Reflections, Writing

In the grand scheme of writing

I can be ridiculously petty, envious, and jealous. That’s something I wish I hadn’t learned about myself in the four years since I started writing for publication. And there’s no logic to these feelings.

Why envy the sales of an author who has fifteen published novels and a well-funded marketing team? And writes in a different genre—a hot one?

Why resent an author for being the darling of certain groups when I don’t even want to join those groups?

What sense does it make to be jealous of a writer who’s had umpteen stories published in literary magazines when I never submit any of mine?

And on and on and on. A waste of energy. A pathetic self-indulgence. A comparison of apples to oranges.

In all of life, a personal sense of success depends on your perspective. Pettiness, envy, jealousy, any negative emotion, keeps you lying in the dirt looking up. All writers publish because they want to share their work with others, and we all hope many others. There’s a larger market for some genres and types of writing than for others—apples and oranges.

One problem today is that authors, even traditionally published ones, are required to be more involved in the marketing side. It’s too easy to start comparing when so many authors are online shouting out sales figures and rankings, and giving advice—You too could be a publishing phenomenon, if you follow these six easy steps! Comparison leads to dissatisfaction. We see ourselves as less successful.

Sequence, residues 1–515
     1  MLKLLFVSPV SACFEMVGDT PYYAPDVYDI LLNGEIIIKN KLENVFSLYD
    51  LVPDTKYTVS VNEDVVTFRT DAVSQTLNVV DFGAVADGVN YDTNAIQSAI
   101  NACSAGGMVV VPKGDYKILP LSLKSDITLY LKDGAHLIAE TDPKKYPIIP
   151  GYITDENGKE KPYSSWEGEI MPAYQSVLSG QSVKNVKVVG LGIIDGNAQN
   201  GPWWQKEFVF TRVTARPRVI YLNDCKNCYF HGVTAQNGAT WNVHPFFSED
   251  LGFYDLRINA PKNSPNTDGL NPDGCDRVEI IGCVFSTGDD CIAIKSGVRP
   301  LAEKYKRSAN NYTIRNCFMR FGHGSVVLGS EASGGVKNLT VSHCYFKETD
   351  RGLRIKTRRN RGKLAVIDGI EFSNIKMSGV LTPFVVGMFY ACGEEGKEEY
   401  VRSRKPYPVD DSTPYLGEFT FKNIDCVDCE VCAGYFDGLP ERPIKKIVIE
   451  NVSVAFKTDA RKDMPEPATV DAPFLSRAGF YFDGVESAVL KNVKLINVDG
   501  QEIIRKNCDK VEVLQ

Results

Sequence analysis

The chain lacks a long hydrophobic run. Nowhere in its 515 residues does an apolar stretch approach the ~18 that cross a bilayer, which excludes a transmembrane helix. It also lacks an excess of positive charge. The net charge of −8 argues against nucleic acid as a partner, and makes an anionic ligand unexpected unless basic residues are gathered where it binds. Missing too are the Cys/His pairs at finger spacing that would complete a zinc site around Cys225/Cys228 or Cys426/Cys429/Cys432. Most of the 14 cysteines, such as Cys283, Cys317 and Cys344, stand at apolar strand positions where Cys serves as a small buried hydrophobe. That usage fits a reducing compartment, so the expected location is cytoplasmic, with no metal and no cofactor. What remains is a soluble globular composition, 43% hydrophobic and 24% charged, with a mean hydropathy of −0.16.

Too often, I let envy and jealousy steal any sense of success from me. My perspective skews. I wrote a book that already hundreds of people have read! How can I keep forgetting that? And I’m not finished writing. Who knows what I might accomplish a year or twenty from now? In the grand scheme of my writing career, I’m just beginning.

How’s the view from your perspective?

Blog Stuff, My Books, Questions, Social Media, Writing

Has my blog passed its Use By date?

Today, I’m questioning the continued existence of this blog. It’s reached the point where I can no longer deny that visitor stats are in decline. Ignoring the ludicrous bump they took after being Freshly Pressed in March (and the overflow to the following month) and the mysterious slight rise in October, my visitor counts have decreased since 2010.

I have no reliable way to know how many people might read my posts in email or a blog reader, so I tell myself that I still have tons of interested readers, they just don’t come online to be counted. But am I fooling myself?

It’s been a weird year on this blog, for many reasons. I admit my posts have deteriorated from hopeful excitement leading up to the publishing of The Brevity of Roses, to disappointment, grumbling, whining, and bewilderment. Hmmm … sounds like a good way to send readers scrambling, doesn’t it?

  • Novel thought—maybe I should work harder to write quality posts.
  • Maybe I should post less frequently. I, too, get overwhelmed trying to keep up with some bloggers.
  • Maybe it’s not my particular blog. (I’m grasping here.) Maybe blogs are passé. Maybe everyone has moved on to something else. Something shinier. If so, I didn’t get that memo.
  • Maybe it’s cyclical. Many of my earlier followers have gone on to be serious writers, and some of them serious bloggers. They have their hands full with their own followers. Others are still working toward publication and they want blogs with helpful writing advice, which they’re increasingly hard-pressed to find here.
  • Maybe that’s the thing— I’m comparing apples and oranges again. I blog, but I’m not a Blogger. I don’t have any clout—or should I say Klout? I’m not destined to have a big following. I shouldn’t expect a growing readership.  Accept that. Be thankful for the readers I have (and I am). Move on.